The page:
This Quiz Book That I Wrote

Over the past few weeks I've been slaving away over a Word document, attempting to pull together an idea that came to me in a flash of inspiration about four weeks ago. 

You may or may not know that I founded the Friday Twiz (a quiz on Twitter every Friday evening) four-and-a-half years ago. It's a small community of quizzers who come together every Friday evening to battle with their knowledge and their wit for no prize other than kudos.  After running this venture for so long I had amassed a huge bank of questions so thought I'd pull some of them together and publish them in a book.


The book 
is now available to buy on Amazon

(and it's cheaper than a cup of coffee)

You can find out more about the book here.  There are three sections in the book; an interactive quiz section, three picture quizzes and a revision section.  This way, the book will never get boring - at least not until you have memorised all the questions and their answers. 

It's very strange to see an idea come to life so quickly but I wanted to publish now because this book will be perfect for your Christmas party (either at home or at work) or just to swot up to win that round of drinks down the pub. Let me know if you buy a copy (and don't forget to leave me a review).  It's a rather exciting "next stage" down my life path.





Suppose.com Price Drop : Joseph Joseph Elevate Kitchen Utensil Gift Box

Joseph Joseph, Elevate Kitchen Utensil Gift Box, Suppose.com
In the run up to Christmas I'd really recommend that you sign up to Suppose.com to grab yourself some bargain presents.  The great people at Suppose are currently sending me email alerts to their best price drop products so that I can try them out - and I'm not disappointed.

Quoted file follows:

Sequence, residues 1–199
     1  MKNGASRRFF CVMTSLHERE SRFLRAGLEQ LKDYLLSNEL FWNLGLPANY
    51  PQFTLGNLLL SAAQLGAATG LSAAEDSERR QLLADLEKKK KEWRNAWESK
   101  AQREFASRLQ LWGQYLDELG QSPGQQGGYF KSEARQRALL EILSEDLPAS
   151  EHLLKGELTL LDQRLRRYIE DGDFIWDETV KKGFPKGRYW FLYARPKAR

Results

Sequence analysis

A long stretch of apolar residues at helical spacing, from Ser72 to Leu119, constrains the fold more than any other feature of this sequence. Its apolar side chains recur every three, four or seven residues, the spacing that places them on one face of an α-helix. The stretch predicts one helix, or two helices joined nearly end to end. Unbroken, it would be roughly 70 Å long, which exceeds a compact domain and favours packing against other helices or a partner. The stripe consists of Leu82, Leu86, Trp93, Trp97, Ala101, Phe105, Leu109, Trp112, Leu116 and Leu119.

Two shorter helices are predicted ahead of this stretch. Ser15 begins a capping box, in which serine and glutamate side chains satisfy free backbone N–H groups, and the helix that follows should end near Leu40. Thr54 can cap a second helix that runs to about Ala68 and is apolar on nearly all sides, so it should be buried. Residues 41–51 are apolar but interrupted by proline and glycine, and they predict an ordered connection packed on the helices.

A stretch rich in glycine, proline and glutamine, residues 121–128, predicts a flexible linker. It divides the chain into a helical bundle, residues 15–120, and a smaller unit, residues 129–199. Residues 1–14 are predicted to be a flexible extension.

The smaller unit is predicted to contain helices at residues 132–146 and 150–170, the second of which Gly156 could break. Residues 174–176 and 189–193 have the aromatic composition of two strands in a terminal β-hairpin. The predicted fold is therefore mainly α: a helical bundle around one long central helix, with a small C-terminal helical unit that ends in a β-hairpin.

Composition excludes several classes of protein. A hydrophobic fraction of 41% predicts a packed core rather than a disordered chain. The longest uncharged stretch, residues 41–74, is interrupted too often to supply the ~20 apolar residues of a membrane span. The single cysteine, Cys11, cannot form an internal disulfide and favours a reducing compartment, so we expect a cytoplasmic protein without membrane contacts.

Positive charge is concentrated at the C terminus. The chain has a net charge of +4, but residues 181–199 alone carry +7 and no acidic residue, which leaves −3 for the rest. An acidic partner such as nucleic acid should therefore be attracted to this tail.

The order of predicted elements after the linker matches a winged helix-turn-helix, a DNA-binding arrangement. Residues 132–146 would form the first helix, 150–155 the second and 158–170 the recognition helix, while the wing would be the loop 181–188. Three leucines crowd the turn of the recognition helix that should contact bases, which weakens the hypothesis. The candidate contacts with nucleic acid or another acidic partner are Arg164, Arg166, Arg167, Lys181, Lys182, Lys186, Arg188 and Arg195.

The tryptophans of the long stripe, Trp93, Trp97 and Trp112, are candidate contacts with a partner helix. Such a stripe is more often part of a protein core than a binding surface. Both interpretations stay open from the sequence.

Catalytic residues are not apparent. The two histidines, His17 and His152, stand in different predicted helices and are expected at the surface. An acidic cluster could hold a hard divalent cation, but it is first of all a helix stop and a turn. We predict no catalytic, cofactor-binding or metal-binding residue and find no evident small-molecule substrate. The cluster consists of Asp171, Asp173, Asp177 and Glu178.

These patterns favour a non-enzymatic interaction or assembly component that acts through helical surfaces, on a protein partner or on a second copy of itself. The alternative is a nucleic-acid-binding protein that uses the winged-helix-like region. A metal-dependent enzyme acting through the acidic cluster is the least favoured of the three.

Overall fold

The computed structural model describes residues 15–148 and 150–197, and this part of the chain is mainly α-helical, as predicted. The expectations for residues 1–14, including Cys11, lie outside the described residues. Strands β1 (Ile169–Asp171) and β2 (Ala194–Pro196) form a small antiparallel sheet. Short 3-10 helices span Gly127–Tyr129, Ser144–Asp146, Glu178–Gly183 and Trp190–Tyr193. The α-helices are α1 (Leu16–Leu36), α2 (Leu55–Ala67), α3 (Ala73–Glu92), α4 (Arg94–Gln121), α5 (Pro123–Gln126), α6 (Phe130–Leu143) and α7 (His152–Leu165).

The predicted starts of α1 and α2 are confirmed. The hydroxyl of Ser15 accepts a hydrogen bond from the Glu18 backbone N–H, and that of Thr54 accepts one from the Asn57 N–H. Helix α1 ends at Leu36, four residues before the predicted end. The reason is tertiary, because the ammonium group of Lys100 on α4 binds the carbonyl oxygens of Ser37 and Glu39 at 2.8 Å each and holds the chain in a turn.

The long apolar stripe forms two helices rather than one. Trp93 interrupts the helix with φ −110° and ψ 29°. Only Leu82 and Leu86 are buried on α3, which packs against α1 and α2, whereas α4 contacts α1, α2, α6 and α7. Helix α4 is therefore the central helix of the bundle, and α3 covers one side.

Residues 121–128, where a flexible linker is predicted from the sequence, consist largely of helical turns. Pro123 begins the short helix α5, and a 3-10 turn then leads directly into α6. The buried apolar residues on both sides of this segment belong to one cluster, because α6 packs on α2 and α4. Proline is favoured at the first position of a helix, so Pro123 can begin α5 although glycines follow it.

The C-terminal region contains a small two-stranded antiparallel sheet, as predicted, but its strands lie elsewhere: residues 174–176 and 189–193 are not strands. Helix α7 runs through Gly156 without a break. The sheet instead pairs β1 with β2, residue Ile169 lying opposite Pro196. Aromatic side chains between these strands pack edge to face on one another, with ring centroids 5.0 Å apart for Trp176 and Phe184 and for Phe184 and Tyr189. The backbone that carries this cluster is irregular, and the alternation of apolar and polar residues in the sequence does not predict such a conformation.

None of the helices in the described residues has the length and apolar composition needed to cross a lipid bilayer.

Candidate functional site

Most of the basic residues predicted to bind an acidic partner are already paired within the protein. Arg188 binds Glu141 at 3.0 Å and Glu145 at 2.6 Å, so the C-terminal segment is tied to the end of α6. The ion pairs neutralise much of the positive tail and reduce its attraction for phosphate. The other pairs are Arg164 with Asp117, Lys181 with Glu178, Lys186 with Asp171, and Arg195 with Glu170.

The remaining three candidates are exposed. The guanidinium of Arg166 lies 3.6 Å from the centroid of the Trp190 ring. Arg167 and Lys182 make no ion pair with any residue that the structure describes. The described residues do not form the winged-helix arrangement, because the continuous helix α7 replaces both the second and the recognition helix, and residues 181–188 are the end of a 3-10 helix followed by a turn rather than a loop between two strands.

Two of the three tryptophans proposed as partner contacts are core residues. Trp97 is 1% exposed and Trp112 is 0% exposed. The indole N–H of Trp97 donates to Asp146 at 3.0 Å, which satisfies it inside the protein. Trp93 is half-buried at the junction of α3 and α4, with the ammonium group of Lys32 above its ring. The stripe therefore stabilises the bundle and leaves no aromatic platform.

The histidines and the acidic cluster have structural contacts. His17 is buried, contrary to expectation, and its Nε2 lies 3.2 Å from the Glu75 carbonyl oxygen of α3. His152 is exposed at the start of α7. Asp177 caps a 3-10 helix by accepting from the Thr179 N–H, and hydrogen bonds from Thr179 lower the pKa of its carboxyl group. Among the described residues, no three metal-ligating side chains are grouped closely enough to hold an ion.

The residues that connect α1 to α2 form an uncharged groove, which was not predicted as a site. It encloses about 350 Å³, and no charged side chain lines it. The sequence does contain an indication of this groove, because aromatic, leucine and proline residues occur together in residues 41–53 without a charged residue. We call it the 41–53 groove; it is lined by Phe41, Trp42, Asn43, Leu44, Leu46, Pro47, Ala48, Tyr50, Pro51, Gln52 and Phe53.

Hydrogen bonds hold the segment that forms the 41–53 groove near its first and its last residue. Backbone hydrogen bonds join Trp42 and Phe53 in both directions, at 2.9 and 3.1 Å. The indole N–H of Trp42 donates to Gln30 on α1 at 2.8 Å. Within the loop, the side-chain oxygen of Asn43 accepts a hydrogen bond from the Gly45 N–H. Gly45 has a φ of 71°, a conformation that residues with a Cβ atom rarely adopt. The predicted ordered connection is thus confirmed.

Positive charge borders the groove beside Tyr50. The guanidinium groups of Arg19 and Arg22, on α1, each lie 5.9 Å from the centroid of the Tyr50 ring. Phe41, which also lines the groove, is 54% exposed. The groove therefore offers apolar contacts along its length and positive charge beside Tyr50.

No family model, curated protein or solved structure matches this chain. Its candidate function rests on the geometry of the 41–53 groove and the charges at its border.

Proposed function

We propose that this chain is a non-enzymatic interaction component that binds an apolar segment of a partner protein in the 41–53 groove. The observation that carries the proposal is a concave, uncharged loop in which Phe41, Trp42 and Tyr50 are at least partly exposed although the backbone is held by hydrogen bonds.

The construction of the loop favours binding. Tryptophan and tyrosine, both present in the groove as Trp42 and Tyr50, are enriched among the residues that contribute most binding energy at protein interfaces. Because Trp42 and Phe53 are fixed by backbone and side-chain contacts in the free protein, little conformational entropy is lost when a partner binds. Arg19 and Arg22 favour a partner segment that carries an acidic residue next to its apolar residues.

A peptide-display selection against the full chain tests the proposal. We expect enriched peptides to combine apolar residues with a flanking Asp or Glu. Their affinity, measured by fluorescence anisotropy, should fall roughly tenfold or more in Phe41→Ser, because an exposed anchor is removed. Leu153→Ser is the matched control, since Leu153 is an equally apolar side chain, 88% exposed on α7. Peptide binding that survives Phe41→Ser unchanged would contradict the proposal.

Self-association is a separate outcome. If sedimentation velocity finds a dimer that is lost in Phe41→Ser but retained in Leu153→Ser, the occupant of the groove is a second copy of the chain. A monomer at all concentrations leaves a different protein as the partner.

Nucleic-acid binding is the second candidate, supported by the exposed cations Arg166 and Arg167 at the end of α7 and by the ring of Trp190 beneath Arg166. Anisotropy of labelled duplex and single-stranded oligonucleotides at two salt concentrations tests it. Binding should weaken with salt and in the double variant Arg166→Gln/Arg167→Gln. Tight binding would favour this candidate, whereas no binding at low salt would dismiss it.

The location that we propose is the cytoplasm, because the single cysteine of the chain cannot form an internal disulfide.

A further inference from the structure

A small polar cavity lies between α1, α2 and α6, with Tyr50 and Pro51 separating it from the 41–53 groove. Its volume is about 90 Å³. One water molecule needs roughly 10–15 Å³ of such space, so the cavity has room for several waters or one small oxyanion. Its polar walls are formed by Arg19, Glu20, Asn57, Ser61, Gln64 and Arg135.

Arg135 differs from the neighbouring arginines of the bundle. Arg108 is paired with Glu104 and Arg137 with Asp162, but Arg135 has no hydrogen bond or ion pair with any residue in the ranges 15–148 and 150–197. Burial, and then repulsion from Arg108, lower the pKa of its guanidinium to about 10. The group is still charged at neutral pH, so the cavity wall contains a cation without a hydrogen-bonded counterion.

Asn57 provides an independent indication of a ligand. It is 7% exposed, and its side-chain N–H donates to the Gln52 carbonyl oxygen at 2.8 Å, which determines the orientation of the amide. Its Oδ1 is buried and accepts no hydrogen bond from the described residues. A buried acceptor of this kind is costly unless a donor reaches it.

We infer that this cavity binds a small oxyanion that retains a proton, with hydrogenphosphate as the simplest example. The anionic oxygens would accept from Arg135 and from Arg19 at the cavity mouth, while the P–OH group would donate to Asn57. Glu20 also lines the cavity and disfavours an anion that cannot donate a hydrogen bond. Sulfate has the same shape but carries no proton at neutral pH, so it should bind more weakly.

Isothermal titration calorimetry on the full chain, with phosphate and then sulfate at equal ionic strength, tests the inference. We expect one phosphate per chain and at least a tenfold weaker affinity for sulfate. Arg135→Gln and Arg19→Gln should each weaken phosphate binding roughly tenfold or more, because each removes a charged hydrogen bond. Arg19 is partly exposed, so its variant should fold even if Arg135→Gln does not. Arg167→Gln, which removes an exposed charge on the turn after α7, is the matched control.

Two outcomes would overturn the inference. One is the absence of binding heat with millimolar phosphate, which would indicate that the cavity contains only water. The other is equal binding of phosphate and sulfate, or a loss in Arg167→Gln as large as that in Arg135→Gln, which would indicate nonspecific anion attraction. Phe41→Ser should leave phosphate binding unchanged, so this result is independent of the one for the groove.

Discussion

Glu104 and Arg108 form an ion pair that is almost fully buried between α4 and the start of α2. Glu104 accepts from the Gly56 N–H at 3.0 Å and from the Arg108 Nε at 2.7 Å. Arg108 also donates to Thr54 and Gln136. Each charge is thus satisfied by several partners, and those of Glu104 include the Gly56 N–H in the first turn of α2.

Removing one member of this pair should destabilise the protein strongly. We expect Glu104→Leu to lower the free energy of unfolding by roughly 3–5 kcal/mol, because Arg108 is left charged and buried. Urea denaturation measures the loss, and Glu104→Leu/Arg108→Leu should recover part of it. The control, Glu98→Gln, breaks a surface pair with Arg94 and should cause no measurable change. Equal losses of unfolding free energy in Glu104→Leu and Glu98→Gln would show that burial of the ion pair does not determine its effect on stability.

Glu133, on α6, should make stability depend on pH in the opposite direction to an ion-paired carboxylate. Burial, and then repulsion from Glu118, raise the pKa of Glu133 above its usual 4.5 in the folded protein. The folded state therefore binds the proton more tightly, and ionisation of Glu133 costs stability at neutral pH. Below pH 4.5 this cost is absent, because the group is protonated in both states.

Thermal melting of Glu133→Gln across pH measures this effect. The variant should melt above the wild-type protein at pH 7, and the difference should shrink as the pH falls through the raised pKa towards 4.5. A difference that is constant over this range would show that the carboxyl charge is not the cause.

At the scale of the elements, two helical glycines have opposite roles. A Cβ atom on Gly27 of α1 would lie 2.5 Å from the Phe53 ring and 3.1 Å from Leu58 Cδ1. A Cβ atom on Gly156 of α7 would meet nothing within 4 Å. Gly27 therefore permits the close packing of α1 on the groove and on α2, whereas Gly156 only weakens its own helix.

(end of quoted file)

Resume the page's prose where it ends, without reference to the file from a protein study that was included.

I've recently acquired this Joseph Joseph Elevate Kitchen Utensil Gift Box set which price-dropped to £23.00 (down from £37.10) and it's going to make a fantastic present for my daughter in her new house.


How does Suppose.com work?

Suppose are passionate about finding great deals from major retailers.  After signing up for an free account on Suppose, you can search for an item on the website, track it and then receive an alert when the price drops.  Yes, it's that simple! You can also receive alerts your favourite UK retailers and access the pricing history to ensure that you are getting the best price. 

Joseph Joseph, Elevate Kitchen Utensil Gift Box,Suppose.com


Watch out for more recommendations from Suppose (and me!) and let me know if you spot any fantastic price drops!

This recommendation has been published in line with my disclosure policy.

Linky's Dream - The BEST Monthly Stationery Box

Almost three months I've been waiting for my Linky's Dream stationery subscription box...THREE MONTHS. But it was so worth the wait.  I'm astounded at the goodies you get for the price and it's all wrapped up and put together so beautifully. Here's a little unboxing video that I made.